health
Sunday Jan 08 2023
By
Web Desk

Here's why community gardening should be your new year's resolution

By
Web Desk
Woman in black jacket is busy in preparing pot plantation. — Pexels
Woman in black jacket is busy in preparing pot plantation. — Pexels

New CU Boulder research published in the journal Lancet Planetary Health reveals that adding gardening to our lists of goals for 2023 could have a significant effect.

The first-ever randomised, controlled trial of community gardening, funded by the American Cancer Society, revealed that individuals who started gardening ate more fibre and received more exercise — two recognised strategies to lower the risk of cancer and chronic diseases. They also noticed a notable decline in their stress and anxiety levels.

Jill Litt, senior author and professor in the Department of Environmental Studies at the University of Colorado in Boulder, has devoted a significant portion of her career to locating practical, scalable, and sustainable approaches to lowering illness risk, particularly in low-income communities.

"No matter where you go, people say there's just something about gardening that makes them feel better," Medical News quoted Litt, who is also a researcher with the Barcelona Institute for Global Health, as saying.

However, reliable scientific evidence of its advantages is few. It's challenging to get support for new programmes without proof, she claimed.

People who garden typically consume more fruits and vegetables and have a healthier weight, according to some small observational studies. But it's not obvious whether gardening affects health or whether healthier people simply tend to garden.

Only three studies have examined the pastime using the randomised controlled trial, the gold standard of scientific study. Nobody has specifically examined community gardening.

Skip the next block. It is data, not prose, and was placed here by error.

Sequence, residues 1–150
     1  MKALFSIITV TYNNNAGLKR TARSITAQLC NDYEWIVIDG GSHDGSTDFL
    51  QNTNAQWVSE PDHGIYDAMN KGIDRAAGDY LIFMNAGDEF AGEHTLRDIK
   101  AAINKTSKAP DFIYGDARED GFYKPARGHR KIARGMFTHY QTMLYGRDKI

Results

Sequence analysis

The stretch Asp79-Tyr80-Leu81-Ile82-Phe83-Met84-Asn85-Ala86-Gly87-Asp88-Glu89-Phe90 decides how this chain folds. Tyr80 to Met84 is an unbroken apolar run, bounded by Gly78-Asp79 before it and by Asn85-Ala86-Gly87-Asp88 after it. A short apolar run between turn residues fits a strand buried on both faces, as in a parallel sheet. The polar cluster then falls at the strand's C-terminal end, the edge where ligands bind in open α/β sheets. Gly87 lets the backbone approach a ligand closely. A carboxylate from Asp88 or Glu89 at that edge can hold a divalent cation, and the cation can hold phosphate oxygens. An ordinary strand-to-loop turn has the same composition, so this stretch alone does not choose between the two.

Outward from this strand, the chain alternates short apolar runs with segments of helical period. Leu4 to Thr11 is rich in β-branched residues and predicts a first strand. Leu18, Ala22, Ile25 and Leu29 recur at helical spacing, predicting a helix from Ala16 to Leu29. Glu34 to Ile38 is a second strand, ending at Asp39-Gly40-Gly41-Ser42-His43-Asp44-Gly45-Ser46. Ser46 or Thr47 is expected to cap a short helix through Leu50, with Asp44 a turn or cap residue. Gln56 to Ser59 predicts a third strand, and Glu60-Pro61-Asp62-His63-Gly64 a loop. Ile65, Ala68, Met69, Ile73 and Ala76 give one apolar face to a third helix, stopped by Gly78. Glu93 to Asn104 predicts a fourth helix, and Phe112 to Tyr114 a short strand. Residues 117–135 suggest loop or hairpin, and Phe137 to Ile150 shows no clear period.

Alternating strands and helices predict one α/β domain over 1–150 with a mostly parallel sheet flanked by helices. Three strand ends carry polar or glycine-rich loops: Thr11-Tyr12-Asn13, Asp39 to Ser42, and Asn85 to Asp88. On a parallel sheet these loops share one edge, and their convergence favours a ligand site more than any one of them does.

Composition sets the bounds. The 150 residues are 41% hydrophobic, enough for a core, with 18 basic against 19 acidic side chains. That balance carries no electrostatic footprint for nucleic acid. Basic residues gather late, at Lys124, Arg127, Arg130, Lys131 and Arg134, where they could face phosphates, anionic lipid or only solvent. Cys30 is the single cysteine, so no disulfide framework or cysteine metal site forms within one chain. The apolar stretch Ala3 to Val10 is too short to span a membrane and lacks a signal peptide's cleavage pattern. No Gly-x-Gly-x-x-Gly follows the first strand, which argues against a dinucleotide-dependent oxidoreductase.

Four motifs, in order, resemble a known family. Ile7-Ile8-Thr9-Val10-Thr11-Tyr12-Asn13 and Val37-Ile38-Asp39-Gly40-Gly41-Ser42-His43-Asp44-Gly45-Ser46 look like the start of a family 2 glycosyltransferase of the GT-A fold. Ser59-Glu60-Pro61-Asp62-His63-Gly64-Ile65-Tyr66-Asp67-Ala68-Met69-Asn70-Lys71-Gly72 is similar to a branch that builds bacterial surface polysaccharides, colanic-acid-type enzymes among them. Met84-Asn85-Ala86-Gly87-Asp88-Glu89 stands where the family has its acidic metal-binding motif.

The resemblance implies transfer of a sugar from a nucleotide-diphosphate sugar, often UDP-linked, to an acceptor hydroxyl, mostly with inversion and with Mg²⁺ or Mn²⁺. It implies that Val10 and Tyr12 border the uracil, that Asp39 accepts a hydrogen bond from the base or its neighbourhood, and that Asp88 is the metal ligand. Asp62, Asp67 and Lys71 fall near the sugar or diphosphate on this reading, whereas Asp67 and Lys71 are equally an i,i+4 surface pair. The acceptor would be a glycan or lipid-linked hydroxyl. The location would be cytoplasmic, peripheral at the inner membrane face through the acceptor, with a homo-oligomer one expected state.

291 non-gardening adults with an average age of 41 from the Denver region were gathered by Litt to fill the void. More than half were from low-income households, and more than a third were Hispanic.

The control group was instructed to wait one year before beginning gardening, and the community gardening group received half of the participants after the final spring frost.

The nonprofit Denver Urban Gardens programme and a study partner provided the gardening group with a free community garden plot, some seeds and seedlings, and an introductory gardening workshop.

Both groups had regular measurements of their bodies, completed surveys about their eating habits and mental health, and wore activity trackers.

By the fall, those in the gardening group were consuming an extra 1.4 grammes of fibre per day—or nearly 7%—on average than those in the control group.

The authors point out that fibre has a significant impact on immunological and inflammatory responses, affecting everything from our ability to digest food to the health of our gut flora to our susceptibility to diabetes and some types of cancer.

The average adult only consumes about 16 grammes of fibre daily, despite doctors' recommendations of 25 to 38 grammes.

Additionally, the gardening group increased their weekly physical activity by roughly 42 minutes. Only 25% of Americans fulfil the public health agencies' recommendation of at least 150 minutes of physical activity every week. Participants completed 28% of that need with just two to three weekly trips to the community garden.

Participants in the trial reported lower levels of stress and anxiety, with the biggest improvements in mental health issues being shown in those who entered the study with the highest levels of stress and worry.

The study also showed that even inexperienced gardeners can experience meaningful health advantages in their first growing season. Litt believes that these advantages will grow as they gain more knowledge and expertise and experience higher returns.